SC 2027: The Solar Storm of 2027
In 2012, a coronal mass ejection (CME) originating from a solar storm on the surface of the Sun came into a near miss with Earth, which would have had potentially devastating consequences for electrical systems worldwide, as ionizing radiation would envelop the Earth, blowing out transformers which are critical for our power grid systems to function. However, this was a near miss and catastrophe was avoided. The largest CME to hit Earth in its recorded history was the Carrington Event in 1859, when luckily, electricity had only been a fledgling technology. The storm merely confused compasses, caused telegrams to spark, and resulted in a beautiful aurora as far south as Cuba.
A solar storm the size of the Carrington Event was bound to hit Earth sometime, and the 2012 near-miss, coupled with the apparent efficacy of hacking and sabotaging power grids woke up a lot of governments to the very real threat society would face if the grid systems were lost. The early 2020s were marked by an expanse in detection infrastructure, and also the development of methods to deal with such a perfect storm. These resources were not misplaced, as in 2027 this is exactly what occurred.
NASA’s warning systems went off at 2 AM Houston time (GMT-5) declaring that a CME comparable to the one that caused the Carrington Event would hit Earth in 3 hours. The call was sent out to world governments to prepare for the storm and to power down their grids for the next 24 hours to save their transformers which would be extremely costly and time-consuming to manufacture and replace. Planes also could not fly at this time, and communication services would be down as soon as the satellites powered themselves down in preparation for the storm.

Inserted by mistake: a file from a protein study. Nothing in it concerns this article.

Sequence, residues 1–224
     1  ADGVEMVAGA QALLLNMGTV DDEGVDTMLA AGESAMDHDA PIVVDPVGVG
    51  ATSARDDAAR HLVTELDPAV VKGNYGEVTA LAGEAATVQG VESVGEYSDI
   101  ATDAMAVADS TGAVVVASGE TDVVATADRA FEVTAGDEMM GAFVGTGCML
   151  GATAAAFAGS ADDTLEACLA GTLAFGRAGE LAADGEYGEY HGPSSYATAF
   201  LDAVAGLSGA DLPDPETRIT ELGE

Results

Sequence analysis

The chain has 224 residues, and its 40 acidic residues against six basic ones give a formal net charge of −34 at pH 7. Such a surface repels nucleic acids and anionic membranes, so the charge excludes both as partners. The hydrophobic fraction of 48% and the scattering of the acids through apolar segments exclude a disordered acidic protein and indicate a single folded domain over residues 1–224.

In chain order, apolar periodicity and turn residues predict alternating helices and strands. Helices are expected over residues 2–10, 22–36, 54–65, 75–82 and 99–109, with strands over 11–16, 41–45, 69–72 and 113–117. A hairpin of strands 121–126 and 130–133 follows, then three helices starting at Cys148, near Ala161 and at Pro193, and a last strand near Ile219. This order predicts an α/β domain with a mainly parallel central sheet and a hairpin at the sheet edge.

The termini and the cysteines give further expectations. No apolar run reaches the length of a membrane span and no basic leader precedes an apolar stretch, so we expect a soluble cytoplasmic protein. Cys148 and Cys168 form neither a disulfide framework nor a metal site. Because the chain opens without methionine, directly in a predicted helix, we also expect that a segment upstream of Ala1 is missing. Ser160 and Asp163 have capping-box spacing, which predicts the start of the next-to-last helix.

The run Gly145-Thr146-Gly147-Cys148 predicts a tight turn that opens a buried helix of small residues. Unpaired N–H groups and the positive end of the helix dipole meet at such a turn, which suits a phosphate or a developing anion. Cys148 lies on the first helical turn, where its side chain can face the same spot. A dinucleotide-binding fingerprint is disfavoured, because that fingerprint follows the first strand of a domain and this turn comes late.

The satellites later fell from the sky as the heated atmosphere expanded and they were pulled down by drag along with the space stations. Not everywhere could shut off its grids on time, and some countries like Cuba and Iran refused to shut off their grids wholesale, fearing American deception. Major cities are mostly protected and crucial services like grocery stores and hospitals can supplement their power access with backup generators for a short period of time. Less electrified nations are less affected. The internet continues to be down.
As the Security Council, you must work together to address the situation and prioritize resource use. The economic fallout is immense (between 2-20 trillion USD), stock markets are non-functional, as is online banking, food spoilage will become rampant if unaddressed, healthcare and communications are limited, and all of this has a great potential to lead to unrest. International systems reliant on grids around the world will take potentially years to repair, as will the creation of a new satellite network.
Issues to consider:
- Reinstatement of communication and navigation systems that are down
- Food distribution issues
- Economic fallout
- Disparity between urban and rural communities, developed and developing nations, countries with stronger/weaker protections, countries that are more/less electrified
- Mitigation of civil unrest